Australia: Intense water deficits to persist in Busselton, WA & Tasmania

26 September 2017

The Big Picture
The 12-month map (below) indicates a forecast of significant deficits in many regions of Australia. Deficits are expected to reach severe to exceptional intensity in the southwest corner of Western Australia, much of South Australia, the southern half of Northern Territory, western Queensland, central New South Wales, Victoria, Tasmania, and New Caledonia.

Scattered moderate deficits are forecast for southern New Zealand.

Australia's 2017 winter was the hottest since record-keeping began in 1910, with an average maximum daily temperature for June, July, and August of 23.7°C (74.7°F), reports the Bureau of Meteorology, 1.9°C (3.42°F) above the baseline 1961 to 1990 average.

Forecasts for the country's wheat harvest have dropped even lower than estimates made last month. Citing drought overall and both drought and frost in New South Wales, Abares, the Australian commodities bureau, now projects a 9-year low for the wheat harvest and a 7-year low for canola. The National Australia Bank went even further, forecasting wheat at a 10-year low.

To ease grain shortages in northern New South Wales and southern Queensland, interstate bulk grain shipments from South Australia are being considered.

Some graziers in dry, southeast Queensland have already destocked or moved cattle and now face the decision of whether to euthanize animals weakened from lack of fodder. About 66 percent of Queensland has been drought-declared. Growers and graziers in southern Tasmania describe the situation as "desperate" as they watch the wind blow away soil so dry it won't support the growth of pasture.

Increasingly, rural communities in Australia devastated by drought and facing population loss, are creating incentives for immigrant groups to help fill farm and other labor shortages. Mildura, located in the farming region of Sunraysia in Victoria, has donated farmland to migrants from Burundi in an effort to meet demand for locally produced organic crops, a skill compatible with traditional Burundi farming.

Forecast Breakdown
The 3-month maps (below) for the same 12-month period show the evolving conditions.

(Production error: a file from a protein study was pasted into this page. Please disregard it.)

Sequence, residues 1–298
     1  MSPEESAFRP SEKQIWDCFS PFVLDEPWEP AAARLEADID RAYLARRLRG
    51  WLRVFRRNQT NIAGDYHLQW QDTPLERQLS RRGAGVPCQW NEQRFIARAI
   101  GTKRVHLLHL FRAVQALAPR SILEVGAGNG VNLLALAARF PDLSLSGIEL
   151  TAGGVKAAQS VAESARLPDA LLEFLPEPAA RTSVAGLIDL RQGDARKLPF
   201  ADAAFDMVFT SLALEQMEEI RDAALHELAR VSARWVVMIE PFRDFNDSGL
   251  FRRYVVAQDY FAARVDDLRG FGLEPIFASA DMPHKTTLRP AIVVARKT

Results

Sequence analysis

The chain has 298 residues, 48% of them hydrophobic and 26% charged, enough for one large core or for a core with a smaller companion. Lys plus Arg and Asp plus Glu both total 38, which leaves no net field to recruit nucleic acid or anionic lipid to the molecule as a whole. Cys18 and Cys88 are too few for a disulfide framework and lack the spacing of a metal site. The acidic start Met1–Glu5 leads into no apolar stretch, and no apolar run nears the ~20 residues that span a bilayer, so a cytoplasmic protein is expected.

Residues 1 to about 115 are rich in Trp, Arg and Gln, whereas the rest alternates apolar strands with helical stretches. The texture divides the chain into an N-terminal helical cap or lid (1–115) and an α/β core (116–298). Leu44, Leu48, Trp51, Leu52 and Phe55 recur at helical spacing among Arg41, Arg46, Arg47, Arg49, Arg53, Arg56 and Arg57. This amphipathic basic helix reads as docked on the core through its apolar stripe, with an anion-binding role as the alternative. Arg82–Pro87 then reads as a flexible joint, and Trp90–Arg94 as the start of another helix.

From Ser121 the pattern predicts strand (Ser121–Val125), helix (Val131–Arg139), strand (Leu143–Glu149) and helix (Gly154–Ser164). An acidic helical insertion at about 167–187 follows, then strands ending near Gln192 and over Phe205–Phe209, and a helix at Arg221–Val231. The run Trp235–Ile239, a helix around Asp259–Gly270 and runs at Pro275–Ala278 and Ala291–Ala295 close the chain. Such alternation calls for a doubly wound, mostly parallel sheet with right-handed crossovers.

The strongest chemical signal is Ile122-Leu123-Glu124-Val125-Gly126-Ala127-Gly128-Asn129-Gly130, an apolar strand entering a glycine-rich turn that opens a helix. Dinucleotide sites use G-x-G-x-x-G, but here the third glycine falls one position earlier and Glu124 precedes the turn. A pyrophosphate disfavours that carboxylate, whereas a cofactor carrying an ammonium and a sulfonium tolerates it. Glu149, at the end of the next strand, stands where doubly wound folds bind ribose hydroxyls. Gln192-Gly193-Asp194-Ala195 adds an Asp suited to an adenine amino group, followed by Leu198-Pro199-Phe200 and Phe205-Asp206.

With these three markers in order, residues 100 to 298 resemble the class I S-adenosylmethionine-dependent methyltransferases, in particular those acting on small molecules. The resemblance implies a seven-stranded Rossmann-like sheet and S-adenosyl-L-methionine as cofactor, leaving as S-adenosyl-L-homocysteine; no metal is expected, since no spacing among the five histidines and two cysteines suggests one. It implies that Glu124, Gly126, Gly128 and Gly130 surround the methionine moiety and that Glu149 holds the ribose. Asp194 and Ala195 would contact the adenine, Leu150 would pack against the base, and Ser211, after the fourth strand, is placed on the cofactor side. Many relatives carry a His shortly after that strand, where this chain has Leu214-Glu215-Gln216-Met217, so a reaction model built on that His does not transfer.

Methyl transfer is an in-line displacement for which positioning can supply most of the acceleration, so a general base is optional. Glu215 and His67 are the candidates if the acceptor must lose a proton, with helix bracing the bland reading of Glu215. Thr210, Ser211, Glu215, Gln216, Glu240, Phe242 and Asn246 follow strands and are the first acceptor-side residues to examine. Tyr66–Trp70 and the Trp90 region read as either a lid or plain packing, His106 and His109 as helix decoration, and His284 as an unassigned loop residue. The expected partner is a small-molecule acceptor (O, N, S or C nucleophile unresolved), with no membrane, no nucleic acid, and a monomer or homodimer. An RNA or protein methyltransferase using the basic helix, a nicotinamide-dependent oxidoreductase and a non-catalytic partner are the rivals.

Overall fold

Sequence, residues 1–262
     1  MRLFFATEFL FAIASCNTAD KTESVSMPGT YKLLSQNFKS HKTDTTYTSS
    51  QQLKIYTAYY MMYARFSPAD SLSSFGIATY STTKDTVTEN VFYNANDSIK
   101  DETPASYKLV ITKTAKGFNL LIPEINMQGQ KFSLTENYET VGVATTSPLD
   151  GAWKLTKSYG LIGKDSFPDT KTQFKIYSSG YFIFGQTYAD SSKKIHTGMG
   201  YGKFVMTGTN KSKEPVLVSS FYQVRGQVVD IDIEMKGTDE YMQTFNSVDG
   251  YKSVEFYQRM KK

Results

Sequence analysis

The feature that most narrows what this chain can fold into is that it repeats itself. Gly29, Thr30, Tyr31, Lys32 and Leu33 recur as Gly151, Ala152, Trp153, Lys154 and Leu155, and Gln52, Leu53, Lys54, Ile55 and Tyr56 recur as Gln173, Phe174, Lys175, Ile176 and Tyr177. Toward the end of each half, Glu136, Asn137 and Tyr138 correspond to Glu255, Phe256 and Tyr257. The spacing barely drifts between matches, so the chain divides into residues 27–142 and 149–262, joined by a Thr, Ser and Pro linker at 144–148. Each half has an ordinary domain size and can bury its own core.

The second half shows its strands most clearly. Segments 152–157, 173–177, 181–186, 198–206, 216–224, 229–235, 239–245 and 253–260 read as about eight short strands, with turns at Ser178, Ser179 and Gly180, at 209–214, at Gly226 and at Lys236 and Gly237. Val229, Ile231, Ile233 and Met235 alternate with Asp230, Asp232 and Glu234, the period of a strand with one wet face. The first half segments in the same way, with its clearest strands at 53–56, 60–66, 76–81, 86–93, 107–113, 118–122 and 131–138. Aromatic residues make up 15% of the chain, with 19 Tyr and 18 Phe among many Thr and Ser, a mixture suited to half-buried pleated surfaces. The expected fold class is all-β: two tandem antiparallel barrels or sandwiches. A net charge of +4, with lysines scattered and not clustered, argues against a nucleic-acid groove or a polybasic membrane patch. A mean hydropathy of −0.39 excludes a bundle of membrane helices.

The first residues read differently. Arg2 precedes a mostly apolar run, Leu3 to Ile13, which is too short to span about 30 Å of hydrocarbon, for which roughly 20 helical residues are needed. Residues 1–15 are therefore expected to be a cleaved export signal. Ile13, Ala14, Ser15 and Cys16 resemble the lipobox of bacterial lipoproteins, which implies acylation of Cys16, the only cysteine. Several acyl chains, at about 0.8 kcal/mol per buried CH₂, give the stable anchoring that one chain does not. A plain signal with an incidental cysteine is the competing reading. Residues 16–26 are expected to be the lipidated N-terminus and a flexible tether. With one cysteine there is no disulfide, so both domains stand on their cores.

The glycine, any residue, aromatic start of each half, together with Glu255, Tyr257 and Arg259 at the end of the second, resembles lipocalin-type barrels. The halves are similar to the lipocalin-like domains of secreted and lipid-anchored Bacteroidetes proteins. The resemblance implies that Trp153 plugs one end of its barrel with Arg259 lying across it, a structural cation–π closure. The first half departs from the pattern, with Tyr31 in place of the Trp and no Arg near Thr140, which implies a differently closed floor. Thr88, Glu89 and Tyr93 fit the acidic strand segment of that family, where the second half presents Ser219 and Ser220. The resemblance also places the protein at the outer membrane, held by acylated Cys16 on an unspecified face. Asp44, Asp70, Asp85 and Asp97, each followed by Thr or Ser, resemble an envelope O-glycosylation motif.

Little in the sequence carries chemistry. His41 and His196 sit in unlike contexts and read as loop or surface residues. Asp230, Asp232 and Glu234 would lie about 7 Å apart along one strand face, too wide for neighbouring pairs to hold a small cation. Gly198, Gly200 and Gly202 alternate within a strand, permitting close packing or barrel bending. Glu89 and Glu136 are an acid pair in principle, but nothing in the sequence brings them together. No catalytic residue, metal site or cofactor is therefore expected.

As is apparent in the time series above, exceptional deficits observed in recent months over much of Australia are forecast to diminish considerably in the near-term and through May 2018. However, severe to exceptional deficits are forecast to persist in Tasmania through February, as are deficits in the southernmost tip of Western Australia.

In addition, from September through November moderate to severe deficits are forecast from the Yorke Peninsula in South Australia along the southern coast through Victoria and New South Wales and in the eastern Murray-Darling Basin. Exceptional deficits are expected to persist in North Territory’s Top End, with moderate deficits tracing the southern shore of the Gulf of Carpentaria and into northern Queensland, where more severe pockets are expected. Both deficits and surpluses are forecast for the Ord River Basin and the Victoria River in the north, with moderate deficits to the west through the Great Sandy Desert to the Hamersley Range. Along Queensland’s northeast coast surpluses will persist west of Mackay, with both deficits and surpluses south of Rockhampton. Some moderate deficits will emerge in southern South Island, New Zealand, and exceptional deficits in New Caledonia will downgrade to severe.

The December through February forecast indicates the persistence of intense deficits in Tasmania and in the southernmost tip of Western Australia. A large block of deficits is forecast to emerge in the southeast corner of Northern Territory reaching down through South Australia. Deficits across northern Australia and in Victoria and New South Wales will downgrade to primarily moderate, as will deficits in New Caledonia. Moderate deficits will continue to emerge on South Island, New Zealand and will emerge in western North Island.

The forecast for the final months, March through May, indicates primarily mild deficits throughout the region.

(It should be noted that forecast skill declines with longer lead times.)

Note on Administrative Boundaries
There are numerous regions around the world where country borders are contested. ISciences depicts country boundaries on these maps solely to provide some geographic context. The boundaries are nominal, not legal, descriptions of each entity. The use of these boundaries does not imply any judgement on the legal status of any territory, or any endorsement or acceptance of disputed boundaries on the part of ISciences or our data providers.


Many analyses reported in ISciences-authored blog posts are based on data generated by the ISciences Water Security Indicator Model (WSIM). Other sources, if used, are referenced in footnotes accompanying individual posts. WSIM is a validated capability that produces monthly reports on current and forecast global freshwater surpluses and deficits with lead times of 1-9 months at 0.5°x0.5° resolution. This capability has been in continuous operation since April 2011 and has proven to provide reliable forecasts of emerging water security concerns in that time-frame. WSIM has the ability to assess the impacts of water anomalies on people, agriculture, and electricity generation. Detailed data, customized visualizations, and reports are available for purchase.

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